In a way, my alma mater IS just updating their files, with the most important piece of information to update being my Visa number.
Then as long as I was in the Oberlin groove, I picked up the alumni magazine and glanced at the alumni notes. I see that one of my fellow students has started a winery and is bottling product under their own label, which is of course -- of course! -- called PWR Wines, for the People's Wine Revolution. That pretty much says all you need to know about my alma mater right there. Oberlin could save a lot of money by condensing the 50-page, full color alumni magazine down to that one paragraph and putting it on a postcard, which would be mailed out to alumni who would read about the People's Wine Revolution nod their head, and say yep, that's where I went to college, all right. And then they would update their Visa card files.
The last time I was on campus was for my 10-year college reunion. I was excited to be back on campus, to visit with old friends, and to show the college to David and Stella. There were a lot of people that I half-recognized but didn't actually know. I had the same feeling at the reunion that I did when I was attending Oberlin: 90% of the people there were much smarter, more talented, and cooler than me. The remaining 10% lacked all social skills and were just plain weird.
In case you were wondering, Oberlin College is in northern Ohio. I'm sometimes surprised at how few people have heard of it. That may change once the People's Wine Revolution gets off the ground.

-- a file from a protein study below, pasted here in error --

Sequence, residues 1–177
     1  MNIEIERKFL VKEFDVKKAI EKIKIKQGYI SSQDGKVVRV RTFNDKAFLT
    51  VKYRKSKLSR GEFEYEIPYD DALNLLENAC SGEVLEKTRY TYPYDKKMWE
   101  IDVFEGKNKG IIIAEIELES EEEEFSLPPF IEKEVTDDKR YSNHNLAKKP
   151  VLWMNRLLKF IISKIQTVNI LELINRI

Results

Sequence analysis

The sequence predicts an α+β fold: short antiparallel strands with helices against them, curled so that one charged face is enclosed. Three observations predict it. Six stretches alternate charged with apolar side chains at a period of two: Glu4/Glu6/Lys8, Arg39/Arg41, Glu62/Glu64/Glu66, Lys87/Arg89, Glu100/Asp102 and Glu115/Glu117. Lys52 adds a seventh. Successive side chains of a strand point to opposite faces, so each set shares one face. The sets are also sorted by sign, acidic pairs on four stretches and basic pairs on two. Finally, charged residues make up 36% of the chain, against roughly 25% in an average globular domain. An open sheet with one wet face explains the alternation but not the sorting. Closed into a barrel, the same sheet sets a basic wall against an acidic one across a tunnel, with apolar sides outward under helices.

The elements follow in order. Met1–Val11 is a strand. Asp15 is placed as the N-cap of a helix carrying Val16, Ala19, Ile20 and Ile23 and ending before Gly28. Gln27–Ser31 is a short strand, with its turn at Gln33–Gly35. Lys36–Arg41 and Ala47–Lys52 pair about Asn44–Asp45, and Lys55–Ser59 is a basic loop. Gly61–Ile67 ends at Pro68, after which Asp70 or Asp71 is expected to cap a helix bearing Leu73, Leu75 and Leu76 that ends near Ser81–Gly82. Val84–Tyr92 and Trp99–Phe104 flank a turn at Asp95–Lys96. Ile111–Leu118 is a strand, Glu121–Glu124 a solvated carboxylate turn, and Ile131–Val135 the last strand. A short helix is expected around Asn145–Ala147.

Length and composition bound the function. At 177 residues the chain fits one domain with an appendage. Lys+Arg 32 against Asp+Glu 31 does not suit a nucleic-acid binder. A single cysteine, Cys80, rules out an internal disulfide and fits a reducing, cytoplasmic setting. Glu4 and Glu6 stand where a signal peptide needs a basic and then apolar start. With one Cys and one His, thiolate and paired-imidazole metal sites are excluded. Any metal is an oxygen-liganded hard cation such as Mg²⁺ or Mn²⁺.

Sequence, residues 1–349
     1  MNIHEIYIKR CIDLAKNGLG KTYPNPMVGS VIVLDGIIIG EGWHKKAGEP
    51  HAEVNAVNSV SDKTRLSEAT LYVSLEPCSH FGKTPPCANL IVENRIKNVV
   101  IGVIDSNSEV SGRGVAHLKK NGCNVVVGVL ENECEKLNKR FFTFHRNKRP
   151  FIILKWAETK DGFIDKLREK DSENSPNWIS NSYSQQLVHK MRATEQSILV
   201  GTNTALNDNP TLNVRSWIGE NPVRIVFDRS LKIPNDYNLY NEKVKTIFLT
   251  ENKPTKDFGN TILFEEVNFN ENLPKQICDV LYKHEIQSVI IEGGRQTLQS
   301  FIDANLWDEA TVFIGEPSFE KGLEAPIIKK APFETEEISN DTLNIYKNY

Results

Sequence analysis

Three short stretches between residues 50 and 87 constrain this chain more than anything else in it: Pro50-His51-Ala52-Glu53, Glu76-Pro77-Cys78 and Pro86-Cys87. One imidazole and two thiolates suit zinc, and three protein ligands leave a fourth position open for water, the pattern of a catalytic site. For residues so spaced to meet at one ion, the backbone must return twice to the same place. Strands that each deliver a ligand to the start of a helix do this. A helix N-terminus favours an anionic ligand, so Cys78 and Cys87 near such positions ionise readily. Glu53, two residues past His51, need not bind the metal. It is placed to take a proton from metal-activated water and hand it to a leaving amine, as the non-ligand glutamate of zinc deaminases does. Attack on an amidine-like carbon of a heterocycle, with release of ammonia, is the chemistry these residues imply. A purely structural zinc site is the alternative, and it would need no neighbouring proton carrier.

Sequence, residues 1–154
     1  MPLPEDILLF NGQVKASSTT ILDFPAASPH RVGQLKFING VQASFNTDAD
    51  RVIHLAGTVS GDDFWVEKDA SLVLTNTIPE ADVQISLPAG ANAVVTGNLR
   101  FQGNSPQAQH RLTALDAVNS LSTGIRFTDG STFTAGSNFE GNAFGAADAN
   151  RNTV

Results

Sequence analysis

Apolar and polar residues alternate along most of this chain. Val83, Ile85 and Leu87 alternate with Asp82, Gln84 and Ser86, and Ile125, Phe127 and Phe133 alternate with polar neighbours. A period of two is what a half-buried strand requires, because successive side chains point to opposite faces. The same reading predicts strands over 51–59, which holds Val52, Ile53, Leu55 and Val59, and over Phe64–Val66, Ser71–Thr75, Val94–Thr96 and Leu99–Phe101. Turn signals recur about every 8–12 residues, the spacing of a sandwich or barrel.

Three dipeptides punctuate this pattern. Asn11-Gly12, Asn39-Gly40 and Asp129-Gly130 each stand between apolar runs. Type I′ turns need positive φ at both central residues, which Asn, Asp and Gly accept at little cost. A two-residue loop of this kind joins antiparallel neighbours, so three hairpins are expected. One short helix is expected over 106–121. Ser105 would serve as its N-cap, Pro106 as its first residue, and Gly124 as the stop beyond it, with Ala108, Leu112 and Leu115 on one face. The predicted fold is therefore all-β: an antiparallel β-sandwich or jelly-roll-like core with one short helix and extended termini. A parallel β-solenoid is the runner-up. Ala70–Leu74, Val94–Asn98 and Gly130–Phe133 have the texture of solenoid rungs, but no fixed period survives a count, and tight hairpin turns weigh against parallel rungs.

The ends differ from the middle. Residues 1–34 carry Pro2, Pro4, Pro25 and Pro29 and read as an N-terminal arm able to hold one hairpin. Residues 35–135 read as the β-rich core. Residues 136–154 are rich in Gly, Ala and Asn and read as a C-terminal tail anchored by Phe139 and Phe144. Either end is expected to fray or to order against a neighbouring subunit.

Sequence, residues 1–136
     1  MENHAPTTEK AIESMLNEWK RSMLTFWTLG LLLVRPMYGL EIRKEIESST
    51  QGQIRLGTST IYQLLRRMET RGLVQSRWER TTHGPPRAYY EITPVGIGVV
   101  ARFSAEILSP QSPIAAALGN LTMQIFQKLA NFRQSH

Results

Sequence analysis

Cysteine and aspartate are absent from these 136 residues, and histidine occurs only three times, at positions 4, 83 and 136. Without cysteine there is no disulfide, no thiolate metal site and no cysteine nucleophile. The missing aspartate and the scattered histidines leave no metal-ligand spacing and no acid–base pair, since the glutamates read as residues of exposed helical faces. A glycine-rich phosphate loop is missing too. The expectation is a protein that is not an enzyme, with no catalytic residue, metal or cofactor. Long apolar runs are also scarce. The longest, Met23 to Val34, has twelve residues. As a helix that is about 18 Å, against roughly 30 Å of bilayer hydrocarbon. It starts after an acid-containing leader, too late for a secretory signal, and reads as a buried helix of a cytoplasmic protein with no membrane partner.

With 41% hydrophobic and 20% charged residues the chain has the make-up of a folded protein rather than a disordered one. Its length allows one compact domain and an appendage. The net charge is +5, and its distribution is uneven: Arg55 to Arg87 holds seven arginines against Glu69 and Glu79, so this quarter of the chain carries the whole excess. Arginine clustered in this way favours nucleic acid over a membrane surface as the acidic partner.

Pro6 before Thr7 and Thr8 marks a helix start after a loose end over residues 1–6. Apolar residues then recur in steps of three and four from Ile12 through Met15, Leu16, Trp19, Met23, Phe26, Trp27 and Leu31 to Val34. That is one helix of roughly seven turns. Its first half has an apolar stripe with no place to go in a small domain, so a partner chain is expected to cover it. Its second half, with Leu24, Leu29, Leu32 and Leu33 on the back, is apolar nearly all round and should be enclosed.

I went to graduate school at University of Wisconsin, which doesn't call me nearly as often as Oberlin does. This might be in part because the last time UW called they asked for a donation of $250 and I almost choked on what I was eating, which by the way was not caviar, contrary to UW's impression of my financial status.
My high school has mercifully refrained from asking for contributions. I went to a public high school, so I would imagine they don't typically solicit donations, but the temptation must be hard to resist. I tremble when I think of all the great blackmail material my high school could use to levy a substantial "donation" from me. In particular I am thinking that if my high school threatened to circulate a photograph of my bangs circa 1990 around my workplace, I could probably see my way to contributing several hundred dollars to the principal's retirement fund. And to show my gratitude for not releasing embarrassing pictures, I would even throw in a little extra something: a whole case of the People's Wine Revolution.